Beth Finke has been an NPR commentator and is an award-winning author, teacher and journalist. She also happens to be blind. Beth’s memoir, Long Time, No See was named one of the Chicago Tribune’s favorite non-fiction books for 2003.  Her children’s book about seeing eye dogs — Hanni
and Beth: Safe & Sound
– published in October, 2007, won an ASPCA Henry
Bergh Childrens Book Award in 2008.  This essay has been shared with us from Beth Finke’s blog: www.bethfinke.wordpress.com.

Observing the Blind

18 Jun

By Jeff Flodin

From my vantage point, the problem is obvious: the blind guy wants to go up the stairs and his big, black dog wants to go down the stairs.  The solution is being negotiated – the guy’s nose to nose with the dog, wagging his finger in the dog’s face.  He’s really giving the dog an earful, but I can’t hear a word, being inside looking out.

From my window, I look down on that skeletal staircase connecting Upper and Lower Michigan Avenue.  It’s more of a ladder with a handrail, really.  Cast iron exposed to the elements.  This blind guy trudges up the stairs, grabbing the railing with his right hand while his left holds onto his dog.  The dog’s pulling the guy – I guess they call it “leading” – when all of a sudden the dog does a one eighty and heads down the stairs.

I don’t know why the dog decided to head down the stairs – food, probably – but he almost takes the guy backwards, ass over teacup.  And the guy’s hanging there, all splayed out like Christ on the cross ‘til he gets his footing and he lifts that dog’s front half off the ground by its harness and puts him back so he’s facing up the stairs again.  But no sooner does the guy put his foot on the next step up when, don’t you know, that dog swings around and heads down the stairs.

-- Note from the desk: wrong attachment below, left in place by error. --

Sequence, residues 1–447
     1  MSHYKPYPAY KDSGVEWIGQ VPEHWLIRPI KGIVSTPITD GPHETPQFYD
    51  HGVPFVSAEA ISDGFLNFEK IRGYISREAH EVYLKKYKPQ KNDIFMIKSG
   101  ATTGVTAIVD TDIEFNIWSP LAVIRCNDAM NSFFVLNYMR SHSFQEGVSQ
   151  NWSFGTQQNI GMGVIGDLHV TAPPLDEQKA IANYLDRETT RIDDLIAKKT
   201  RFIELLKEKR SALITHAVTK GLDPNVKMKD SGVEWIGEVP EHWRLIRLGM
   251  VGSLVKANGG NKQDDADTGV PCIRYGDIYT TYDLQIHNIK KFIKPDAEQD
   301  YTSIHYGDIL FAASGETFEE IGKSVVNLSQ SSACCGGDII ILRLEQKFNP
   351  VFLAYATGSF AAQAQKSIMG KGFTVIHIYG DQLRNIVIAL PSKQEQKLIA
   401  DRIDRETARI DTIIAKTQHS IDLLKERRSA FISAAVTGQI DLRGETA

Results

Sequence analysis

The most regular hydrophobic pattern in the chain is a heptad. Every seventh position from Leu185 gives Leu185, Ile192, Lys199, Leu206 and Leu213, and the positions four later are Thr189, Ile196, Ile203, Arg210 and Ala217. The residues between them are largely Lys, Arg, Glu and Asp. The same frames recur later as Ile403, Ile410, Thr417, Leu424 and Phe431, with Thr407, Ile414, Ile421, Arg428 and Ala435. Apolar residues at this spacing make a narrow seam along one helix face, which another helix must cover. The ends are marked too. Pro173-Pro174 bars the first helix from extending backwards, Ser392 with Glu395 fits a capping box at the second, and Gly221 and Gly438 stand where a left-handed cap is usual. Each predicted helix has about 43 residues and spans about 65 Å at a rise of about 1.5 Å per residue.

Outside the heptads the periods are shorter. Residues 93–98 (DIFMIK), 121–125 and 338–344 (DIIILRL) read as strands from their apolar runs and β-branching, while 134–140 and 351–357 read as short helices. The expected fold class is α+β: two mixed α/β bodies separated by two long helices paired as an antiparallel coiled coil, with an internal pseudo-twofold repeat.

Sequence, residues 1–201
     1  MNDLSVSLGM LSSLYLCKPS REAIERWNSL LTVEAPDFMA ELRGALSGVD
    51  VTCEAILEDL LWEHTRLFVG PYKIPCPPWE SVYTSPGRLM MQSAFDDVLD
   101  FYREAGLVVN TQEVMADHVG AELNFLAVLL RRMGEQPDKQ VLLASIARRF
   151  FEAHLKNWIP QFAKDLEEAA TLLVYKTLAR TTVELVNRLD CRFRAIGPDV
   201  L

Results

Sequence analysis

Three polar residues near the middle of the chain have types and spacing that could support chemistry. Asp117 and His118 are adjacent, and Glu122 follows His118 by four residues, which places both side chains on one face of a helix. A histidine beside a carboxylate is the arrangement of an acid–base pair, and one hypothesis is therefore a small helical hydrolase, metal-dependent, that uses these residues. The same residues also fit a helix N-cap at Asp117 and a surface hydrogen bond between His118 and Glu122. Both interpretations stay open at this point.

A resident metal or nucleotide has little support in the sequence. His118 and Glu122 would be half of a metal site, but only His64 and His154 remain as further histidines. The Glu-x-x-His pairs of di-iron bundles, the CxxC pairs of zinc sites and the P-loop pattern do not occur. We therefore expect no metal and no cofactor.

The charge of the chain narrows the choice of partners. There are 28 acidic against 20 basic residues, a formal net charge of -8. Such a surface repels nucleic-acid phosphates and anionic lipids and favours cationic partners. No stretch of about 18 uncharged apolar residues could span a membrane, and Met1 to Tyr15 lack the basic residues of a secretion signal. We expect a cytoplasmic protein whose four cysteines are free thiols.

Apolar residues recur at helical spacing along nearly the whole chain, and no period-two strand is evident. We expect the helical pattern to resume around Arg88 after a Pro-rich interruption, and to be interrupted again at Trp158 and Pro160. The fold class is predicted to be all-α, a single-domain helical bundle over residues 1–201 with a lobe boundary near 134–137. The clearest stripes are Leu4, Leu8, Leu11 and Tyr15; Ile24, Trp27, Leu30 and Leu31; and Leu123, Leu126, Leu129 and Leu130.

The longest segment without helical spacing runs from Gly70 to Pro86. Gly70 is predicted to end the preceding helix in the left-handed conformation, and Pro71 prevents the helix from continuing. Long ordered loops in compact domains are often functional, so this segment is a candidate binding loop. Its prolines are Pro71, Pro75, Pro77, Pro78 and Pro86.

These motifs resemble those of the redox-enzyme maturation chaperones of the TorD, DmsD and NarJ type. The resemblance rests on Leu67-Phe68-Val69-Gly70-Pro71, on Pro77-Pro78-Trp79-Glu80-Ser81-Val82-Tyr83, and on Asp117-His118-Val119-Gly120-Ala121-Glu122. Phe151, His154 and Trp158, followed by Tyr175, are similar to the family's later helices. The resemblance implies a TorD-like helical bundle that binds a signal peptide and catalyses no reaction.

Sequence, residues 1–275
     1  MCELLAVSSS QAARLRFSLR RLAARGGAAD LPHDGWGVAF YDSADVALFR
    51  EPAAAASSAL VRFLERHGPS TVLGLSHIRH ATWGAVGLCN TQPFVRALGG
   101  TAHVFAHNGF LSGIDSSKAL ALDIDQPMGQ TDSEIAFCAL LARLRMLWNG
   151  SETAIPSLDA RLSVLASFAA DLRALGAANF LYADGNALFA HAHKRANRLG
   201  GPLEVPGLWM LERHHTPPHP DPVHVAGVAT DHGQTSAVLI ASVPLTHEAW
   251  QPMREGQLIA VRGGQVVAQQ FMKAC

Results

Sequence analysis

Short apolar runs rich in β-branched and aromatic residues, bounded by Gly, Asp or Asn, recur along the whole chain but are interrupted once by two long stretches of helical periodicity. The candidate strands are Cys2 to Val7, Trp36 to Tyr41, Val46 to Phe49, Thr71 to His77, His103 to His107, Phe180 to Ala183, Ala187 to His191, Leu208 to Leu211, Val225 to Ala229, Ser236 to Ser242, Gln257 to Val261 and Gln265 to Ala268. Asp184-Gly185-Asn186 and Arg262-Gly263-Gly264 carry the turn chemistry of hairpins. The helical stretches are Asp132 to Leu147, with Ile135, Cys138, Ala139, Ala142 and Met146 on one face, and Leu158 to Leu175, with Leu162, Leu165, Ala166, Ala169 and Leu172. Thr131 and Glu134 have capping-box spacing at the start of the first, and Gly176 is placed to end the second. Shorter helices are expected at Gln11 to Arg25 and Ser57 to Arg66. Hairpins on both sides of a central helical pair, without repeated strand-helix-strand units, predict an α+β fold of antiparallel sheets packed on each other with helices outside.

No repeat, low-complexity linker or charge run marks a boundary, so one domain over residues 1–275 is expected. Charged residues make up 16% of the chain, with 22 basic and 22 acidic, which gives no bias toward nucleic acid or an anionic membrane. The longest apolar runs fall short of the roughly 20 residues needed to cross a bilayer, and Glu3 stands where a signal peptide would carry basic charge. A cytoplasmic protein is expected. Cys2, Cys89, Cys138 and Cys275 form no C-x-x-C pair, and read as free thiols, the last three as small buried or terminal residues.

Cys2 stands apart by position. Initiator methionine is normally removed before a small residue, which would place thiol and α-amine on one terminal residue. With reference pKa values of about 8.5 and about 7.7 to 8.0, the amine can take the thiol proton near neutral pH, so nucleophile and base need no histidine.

So, now I’m starting to wonder if this guy and this dog can ever agree on anything.  And I wonder what the guy’s going to do now.  Well, instead of giving the dog what for, with the finger wagging and the dog lifting, he sits down on the step and puts his head in his hands.  And I’m thinking the guy’s either going to crack up or start crying and I’m wondering if I should call the cops or the SPCA.  But the guy reaches into his pocket and pulls out this strap and fits it around the dog’s nose and fastens it behind his head.  And he does it all real gently, all the while talking to the dog, which I can’t hear, but I know that’s what he’s doing.  And the dog sits down and licks the guy’s face.  Then, they stand up and the guy takes the dog by the harness and they walk up the stairs together and they get to Upper Michigan Avenue just in time to catch the 147 bus.

Well, I see lots of things from my window – drunks, lovers and thieves.  And I’m putting them all in my novel.  But this guy takes the cake.  I’ll write a whole chapter about him and his dog and whatever invention it was that he took out of his pocket.  I like to think that, once he stopped the rough stuff and used that magical strap, how he got through to that dog.  I like to think there’s a lesson there.  I’ll put it in my novel so other people can get the message, too.

Don’t forget to check out Jeff’s own blog, www.jalapenosintheoatmeal.wordpress.com to read some very insightful pieces.